Although poor work conditions will affect recovery back to work negatively, adjustment possibilities and less requirement of presence at the workplace may have a positive impact on the recovery process (Johansson & Lundberg, 2004). Poor work conditions are often connected to and can be measured by psychosocial strain, as in the Demand-Control-Support (DCS) model (Karasek & Theorell, 1990). Psychosocial strain, which is related to health complaints was found in self-reported health in general, like anxiety, pain, sense of coherence and self-rated health (Wulff et al., 2010). Poor work conditions were also related to decreased mental health (Bonde, 2008¸ Stansfeld & Candy, 2006). High demands on time and workload as well as low levels of decision control over the work process are major contributors to psychosocial strain. In contrast, high demands and high control in active work decrease psychosocial strain, while it increases with low demands and low control. However, research has shown that social support may decrease psychosocial strain (Karasek & Theorell, 1990). Studies examining the impact of activities, supported work and work confirm that activities and work are important in the recovery process (activities-patients in hospitals, Ng et al., 2020; activities vs work, Eklund et al., 2021). While a future worker role and resources for it were important for personal recovery, activities had a positive impact on life satisfaction (Eklund et al., 2021). However, the rehabilitation of individuals with mental illness has often been a question of adaptation. Jagannathan et al. (2020) made an intervention study in India with the aim to facilitate for individuals with severe mental illness to get employment and keep it. Besides helping the participants, employers who were contacted and informed made various adjustments like allowing the individual to start working gradually with time flexibility and without too much stress. The process involved matching the individual with the selected worksite. The participants were hired for a variety of unskilled and skilled employments with the result that half of them obtained gainful employment. In Sweden, individual matching with a supported employment turned out better for the patient than ordinary work rehabilitation. It is suggested that one person (i.e. an employment specialist) should have responsibility for the process with interventions already in the treatment period (Bejerholma et al., 2017). Are common demands on work environment like many of the demands mentioned in Jagannathan et al. (2020) and in earlier research (Akabas, 1994) what are needed in recovery back to work?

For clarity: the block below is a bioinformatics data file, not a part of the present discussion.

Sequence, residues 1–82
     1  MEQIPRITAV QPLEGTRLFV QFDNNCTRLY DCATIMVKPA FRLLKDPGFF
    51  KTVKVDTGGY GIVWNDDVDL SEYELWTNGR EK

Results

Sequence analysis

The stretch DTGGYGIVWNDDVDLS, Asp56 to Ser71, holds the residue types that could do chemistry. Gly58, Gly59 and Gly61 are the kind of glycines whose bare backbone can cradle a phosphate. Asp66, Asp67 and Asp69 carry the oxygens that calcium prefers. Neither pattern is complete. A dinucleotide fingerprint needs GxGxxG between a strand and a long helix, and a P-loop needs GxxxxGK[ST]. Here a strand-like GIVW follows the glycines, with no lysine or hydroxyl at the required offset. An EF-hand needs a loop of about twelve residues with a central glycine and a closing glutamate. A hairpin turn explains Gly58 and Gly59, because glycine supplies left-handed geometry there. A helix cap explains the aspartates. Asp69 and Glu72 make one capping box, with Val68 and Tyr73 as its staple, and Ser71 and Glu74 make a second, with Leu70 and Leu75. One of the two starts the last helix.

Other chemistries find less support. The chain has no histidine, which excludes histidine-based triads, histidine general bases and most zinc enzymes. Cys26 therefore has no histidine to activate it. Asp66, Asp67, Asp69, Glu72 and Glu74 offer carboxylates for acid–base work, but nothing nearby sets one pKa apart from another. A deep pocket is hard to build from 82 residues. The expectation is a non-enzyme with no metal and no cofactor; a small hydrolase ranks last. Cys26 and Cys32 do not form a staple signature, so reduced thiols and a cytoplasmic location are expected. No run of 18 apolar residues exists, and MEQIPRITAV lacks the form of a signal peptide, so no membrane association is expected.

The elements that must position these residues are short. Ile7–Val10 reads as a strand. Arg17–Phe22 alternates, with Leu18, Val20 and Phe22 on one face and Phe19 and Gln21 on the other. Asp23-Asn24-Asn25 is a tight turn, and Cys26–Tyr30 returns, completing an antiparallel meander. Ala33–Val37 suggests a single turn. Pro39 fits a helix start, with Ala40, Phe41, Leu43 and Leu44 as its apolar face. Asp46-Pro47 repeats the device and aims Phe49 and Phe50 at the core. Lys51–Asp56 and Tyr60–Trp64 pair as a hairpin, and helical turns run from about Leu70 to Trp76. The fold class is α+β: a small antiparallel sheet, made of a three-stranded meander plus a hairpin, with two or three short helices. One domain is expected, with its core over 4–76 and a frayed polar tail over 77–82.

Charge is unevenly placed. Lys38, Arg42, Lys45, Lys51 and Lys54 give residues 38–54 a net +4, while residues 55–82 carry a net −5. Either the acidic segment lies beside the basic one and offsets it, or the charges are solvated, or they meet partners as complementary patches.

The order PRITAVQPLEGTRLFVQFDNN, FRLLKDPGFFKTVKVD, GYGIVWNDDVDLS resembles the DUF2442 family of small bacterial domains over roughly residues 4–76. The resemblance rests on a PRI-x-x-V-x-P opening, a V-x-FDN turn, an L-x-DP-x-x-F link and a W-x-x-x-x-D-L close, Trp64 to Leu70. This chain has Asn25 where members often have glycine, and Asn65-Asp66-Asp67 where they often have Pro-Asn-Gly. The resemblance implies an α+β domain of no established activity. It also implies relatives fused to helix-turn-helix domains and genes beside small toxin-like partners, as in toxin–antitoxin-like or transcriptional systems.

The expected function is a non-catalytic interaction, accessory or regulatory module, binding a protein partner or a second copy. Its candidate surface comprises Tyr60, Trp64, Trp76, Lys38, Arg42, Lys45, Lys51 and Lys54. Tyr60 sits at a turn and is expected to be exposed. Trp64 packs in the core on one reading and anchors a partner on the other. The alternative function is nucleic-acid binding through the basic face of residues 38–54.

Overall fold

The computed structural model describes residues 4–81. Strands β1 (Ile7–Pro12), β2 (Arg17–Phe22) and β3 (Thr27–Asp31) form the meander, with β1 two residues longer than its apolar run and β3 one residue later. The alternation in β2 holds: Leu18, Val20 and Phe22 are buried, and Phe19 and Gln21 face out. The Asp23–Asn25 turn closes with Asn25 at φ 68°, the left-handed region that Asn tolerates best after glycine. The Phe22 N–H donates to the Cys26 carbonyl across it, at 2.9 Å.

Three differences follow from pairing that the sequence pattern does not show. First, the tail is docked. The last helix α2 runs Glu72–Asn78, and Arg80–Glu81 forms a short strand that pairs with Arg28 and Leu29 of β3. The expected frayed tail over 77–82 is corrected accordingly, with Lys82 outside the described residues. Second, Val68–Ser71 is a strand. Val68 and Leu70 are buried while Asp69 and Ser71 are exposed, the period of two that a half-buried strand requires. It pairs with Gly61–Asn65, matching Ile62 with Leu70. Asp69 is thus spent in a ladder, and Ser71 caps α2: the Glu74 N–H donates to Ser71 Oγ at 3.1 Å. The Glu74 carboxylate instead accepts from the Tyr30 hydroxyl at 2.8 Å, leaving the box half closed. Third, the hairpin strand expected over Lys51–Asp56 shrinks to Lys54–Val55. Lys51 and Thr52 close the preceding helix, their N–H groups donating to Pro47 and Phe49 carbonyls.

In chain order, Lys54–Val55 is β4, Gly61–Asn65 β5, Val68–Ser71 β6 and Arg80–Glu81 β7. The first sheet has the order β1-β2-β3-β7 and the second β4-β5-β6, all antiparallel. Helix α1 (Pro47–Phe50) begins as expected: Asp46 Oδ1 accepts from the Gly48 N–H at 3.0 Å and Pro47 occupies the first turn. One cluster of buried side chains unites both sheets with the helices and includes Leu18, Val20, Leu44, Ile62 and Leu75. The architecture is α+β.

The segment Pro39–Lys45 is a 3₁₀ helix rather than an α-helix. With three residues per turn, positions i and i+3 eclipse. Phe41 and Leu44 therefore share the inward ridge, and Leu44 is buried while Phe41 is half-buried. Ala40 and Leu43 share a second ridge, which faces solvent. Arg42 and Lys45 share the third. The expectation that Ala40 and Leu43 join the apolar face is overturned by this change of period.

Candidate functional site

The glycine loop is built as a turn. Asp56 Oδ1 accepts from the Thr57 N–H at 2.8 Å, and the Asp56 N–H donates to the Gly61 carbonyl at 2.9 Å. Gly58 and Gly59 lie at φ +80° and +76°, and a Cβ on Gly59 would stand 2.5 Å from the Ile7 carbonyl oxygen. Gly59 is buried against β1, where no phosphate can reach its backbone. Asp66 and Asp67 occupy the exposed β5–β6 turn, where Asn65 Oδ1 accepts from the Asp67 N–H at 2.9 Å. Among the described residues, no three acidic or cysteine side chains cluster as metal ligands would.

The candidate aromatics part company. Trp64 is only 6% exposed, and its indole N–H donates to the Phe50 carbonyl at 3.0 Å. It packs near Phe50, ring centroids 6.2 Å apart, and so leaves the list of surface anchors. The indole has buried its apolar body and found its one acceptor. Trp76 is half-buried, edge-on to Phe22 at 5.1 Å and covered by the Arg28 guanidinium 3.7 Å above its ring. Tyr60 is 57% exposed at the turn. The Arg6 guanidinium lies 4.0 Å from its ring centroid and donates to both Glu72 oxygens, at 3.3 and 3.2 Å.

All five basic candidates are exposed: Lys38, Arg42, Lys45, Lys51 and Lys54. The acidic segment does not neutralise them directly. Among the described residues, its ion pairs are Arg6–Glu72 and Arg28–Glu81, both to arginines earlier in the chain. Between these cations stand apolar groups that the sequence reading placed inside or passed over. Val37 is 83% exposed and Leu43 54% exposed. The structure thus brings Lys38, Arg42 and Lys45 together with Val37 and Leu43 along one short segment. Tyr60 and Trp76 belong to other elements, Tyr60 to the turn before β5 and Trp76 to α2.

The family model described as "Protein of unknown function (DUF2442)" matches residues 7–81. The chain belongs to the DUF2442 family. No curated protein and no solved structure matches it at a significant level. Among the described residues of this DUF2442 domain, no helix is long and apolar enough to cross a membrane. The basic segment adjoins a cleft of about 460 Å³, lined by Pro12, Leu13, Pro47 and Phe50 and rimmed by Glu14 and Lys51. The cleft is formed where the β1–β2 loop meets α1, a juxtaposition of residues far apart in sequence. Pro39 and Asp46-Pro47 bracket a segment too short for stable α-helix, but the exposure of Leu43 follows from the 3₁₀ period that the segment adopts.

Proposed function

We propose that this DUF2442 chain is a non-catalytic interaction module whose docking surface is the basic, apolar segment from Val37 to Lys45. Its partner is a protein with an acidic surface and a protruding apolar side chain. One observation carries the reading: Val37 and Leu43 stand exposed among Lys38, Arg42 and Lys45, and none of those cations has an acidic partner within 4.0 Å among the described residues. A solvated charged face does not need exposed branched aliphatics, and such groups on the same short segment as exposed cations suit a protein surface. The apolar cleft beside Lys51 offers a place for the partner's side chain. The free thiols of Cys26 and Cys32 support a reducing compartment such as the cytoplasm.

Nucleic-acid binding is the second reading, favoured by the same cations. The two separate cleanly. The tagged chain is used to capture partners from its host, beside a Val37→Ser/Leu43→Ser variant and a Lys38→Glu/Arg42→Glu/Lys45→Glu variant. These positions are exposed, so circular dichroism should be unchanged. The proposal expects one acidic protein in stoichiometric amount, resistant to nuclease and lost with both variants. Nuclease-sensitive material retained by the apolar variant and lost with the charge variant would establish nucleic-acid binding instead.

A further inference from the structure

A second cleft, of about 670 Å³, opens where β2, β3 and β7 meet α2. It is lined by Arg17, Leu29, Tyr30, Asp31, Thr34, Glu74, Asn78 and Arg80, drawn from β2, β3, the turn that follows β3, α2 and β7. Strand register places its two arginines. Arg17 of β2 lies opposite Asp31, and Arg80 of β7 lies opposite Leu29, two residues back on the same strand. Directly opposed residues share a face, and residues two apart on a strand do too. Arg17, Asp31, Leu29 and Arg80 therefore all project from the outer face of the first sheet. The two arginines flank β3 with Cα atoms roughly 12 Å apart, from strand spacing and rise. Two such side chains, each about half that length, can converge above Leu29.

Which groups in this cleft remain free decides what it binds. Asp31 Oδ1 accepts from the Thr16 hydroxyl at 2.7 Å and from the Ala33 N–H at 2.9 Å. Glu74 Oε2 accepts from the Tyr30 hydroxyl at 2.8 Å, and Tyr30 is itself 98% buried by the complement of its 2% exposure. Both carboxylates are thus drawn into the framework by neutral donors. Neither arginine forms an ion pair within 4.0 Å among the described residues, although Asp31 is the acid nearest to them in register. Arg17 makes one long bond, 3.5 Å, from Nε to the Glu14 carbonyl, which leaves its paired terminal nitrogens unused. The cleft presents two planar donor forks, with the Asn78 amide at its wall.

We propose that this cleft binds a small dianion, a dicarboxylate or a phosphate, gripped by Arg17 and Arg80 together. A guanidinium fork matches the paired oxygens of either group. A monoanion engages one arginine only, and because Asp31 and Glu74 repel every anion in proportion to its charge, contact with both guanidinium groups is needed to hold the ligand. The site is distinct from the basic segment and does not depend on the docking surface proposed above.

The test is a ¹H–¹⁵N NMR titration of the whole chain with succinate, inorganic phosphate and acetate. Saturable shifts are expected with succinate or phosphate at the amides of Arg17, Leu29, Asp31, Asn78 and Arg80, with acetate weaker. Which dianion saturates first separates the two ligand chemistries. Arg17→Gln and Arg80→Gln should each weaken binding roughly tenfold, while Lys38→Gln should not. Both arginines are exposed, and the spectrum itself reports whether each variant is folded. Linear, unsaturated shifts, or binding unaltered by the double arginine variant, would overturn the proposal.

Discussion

1.3 Experiences in care contacts